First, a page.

Validation of the olfactory disorders questionnaire for English‐speaking patients with olfactory disorders

Lorna Langstaff, Nisha Pradhan, Allan Clark, Duncan Boak, Mahmoud Salam, Thomas Hummel, Carl Philpott

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1. To adapt the existing German language olfactory disorders questionnaire for use with English-speaking patients
2. To validate the adapted version for routine clinical use

The translated version of the original German questionnaire was revised with a patient and a clinician to reflect British language and culture. Patients attending an olfactory dysfunction clinic were recruited to perform the adapted questionnaire on two occasions at least one month apart. Additional online participants completed the questionnaire via the charity Fifth Sense.

Main outcome measures:
• Re-test reliability of the English olfactory disorders questionnaire (eODQ) in affected patients including potential for redundancy in any of the included questions
• Correlation of eODQ scores with Sniffin’ Sticks scores

Eighty-seven patients reporting olfactory dysfunction were recruited and had a mean age of 48 with 35% of them being male; 50 datasets were available for analysis. A total of 957 members of the charity entered responses into the online questionnaire; 699 responses could be scored with participants’ mean age of 55 years and with 69% reporting as female. The eODQ score and Sniffin’ Sticks TDI score at timepoint 1 were correlated to assess for concurrent validity, (r=-0.15, p=0.17) and showed no significant correlation. Female participants had a significantly higher mean total eODQ score than men, 55.75 compared to 52.28 (p=0.001). The average score was 54.7 (SD 13.5) with a range from 26 to 87. The internal consistency of the questionnaire was good with a Cronbach’s alpha of 0.90 (Confidence intervals 0.89, 0.91).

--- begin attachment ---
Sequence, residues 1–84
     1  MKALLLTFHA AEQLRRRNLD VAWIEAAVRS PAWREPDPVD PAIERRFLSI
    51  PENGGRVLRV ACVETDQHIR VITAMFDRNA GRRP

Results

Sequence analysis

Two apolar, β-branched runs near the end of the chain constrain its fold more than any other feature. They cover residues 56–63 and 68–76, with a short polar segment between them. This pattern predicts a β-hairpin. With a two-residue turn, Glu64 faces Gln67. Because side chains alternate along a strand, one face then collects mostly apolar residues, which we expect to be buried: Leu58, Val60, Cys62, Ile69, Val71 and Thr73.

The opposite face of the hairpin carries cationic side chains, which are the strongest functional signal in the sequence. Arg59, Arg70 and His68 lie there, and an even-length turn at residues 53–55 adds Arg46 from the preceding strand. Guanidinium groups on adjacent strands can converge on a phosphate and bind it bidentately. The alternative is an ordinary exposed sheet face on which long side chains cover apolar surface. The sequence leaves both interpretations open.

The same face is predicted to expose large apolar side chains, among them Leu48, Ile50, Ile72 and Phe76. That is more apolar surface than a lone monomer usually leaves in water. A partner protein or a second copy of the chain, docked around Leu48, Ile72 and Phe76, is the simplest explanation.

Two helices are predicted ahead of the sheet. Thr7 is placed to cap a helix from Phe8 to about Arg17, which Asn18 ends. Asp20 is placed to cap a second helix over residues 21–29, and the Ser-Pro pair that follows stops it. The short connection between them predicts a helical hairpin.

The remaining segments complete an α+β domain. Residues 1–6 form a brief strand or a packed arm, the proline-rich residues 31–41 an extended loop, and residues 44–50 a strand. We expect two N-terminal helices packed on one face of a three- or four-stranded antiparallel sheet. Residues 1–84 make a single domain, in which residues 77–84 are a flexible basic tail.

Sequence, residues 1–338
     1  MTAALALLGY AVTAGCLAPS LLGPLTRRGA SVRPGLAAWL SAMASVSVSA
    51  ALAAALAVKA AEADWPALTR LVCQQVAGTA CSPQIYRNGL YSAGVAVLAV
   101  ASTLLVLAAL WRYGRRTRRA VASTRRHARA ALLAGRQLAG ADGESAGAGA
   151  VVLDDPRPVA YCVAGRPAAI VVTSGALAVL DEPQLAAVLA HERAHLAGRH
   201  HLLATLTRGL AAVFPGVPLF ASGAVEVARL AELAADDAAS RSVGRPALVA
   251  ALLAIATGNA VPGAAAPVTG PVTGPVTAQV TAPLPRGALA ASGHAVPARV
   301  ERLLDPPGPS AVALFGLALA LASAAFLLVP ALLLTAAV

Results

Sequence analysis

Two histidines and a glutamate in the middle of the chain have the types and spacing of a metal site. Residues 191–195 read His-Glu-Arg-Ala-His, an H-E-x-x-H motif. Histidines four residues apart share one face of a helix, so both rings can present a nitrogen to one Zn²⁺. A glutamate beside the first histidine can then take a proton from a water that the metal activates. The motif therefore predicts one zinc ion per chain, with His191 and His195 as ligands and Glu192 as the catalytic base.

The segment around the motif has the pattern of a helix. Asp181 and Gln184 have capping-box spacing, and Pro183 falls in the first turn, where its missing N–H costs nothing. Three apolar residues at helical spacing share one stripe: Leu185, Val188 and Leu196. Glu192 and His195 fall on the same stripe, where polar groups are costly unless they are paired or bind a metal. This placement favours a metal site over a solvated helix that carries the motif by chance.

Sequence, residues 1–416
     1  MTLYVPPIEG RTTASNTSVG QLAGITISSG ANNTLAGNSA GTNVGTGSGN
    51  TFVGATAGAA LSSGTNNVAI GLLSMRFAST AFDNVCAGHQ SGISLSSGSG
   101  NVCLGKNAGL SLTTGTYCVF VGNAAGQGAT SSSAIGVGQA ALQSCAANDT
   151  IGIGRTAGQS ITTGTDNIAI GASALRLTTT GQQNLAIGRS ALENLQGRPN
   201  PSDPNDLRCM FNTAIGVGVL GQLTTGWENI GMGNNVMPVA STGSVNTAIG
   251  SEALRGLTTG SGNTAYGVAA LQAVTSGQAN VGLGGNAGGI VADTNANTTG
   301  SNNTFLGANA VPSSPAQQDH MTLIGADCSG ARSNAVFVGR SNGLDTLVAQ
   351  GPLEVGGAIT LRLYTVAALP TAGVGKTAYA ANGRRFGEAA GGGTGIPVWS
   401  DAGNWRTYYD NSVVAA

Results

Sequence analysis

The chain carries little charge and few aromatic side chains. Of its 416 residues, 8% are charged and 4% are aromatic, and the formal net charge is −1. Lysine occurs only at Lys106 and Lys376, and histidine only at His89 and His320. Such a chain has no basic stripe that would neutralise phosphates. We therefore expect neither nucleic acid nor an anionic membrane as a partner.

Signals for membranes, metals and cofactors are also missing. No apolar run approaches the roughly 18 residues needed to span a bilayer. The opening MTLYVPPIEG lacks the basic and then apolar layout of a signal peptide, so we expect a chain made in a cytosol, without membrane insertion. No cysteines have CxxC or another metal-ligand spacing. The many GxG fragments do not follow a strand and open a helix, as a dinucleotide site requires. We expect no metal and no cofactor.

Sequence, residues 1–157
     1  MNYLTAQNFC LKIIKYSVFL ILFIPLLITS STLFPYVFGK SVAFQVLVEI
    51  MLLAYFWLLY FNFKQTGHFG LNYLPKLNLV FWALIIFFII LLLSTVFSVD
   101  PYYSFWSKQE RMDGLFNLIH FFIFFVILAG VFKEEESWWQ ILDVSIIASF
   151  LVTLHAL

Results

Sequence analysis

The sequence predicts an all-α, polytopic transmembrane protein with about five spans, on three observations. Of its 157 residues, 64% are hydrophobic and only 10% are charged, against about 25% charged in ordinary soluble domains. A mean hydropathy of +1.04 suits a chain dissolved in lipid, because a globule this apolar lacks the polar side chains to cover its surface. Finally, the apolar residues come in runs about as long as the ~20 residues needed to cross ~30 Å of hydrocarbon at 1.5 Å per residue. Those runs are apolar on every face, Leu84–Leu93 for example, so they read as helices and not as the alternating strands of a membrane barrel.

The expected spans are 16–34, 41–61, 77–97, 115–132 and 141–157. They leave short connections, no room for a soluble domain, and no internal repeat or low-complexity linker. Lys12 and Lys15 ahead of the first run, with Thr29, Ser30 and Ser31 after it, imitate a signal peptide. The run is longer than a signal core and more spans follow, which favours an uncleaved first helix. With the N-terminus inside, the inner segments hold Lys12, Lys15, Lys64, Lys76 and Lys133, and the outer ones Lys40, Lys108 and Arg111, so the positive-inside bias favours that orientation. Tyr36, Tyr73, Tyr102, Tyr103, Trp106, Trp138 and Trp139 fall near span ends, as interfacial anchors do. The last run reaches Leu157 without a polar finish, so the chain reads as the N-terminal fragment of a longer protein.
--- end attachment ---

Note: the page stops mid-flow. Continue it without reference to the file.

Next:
The results of this study support the use of the eODQ in a native English-speaking population and highlight the different distinctions between “objective” testing of olfaction with the Sniffin’ Sticks test and the patient reported impact of olfactory dysfunction on daily life. These two types of assessment can be easily administered in an outpatient setting and used in the assessment and management of olfactory dysfunction.
Original languageEnglish
Pages (from-to)715-728
Number of pages14
JournalClinical Otolaryngology
Issue number5
Early online date30 Apr 2019
Publication statusPublished - Sep 2019


  • olfaction
  • anosmia
  • smell
  • taste
  • odour
  • quality of life
  • nasal
  • language
  • reliability

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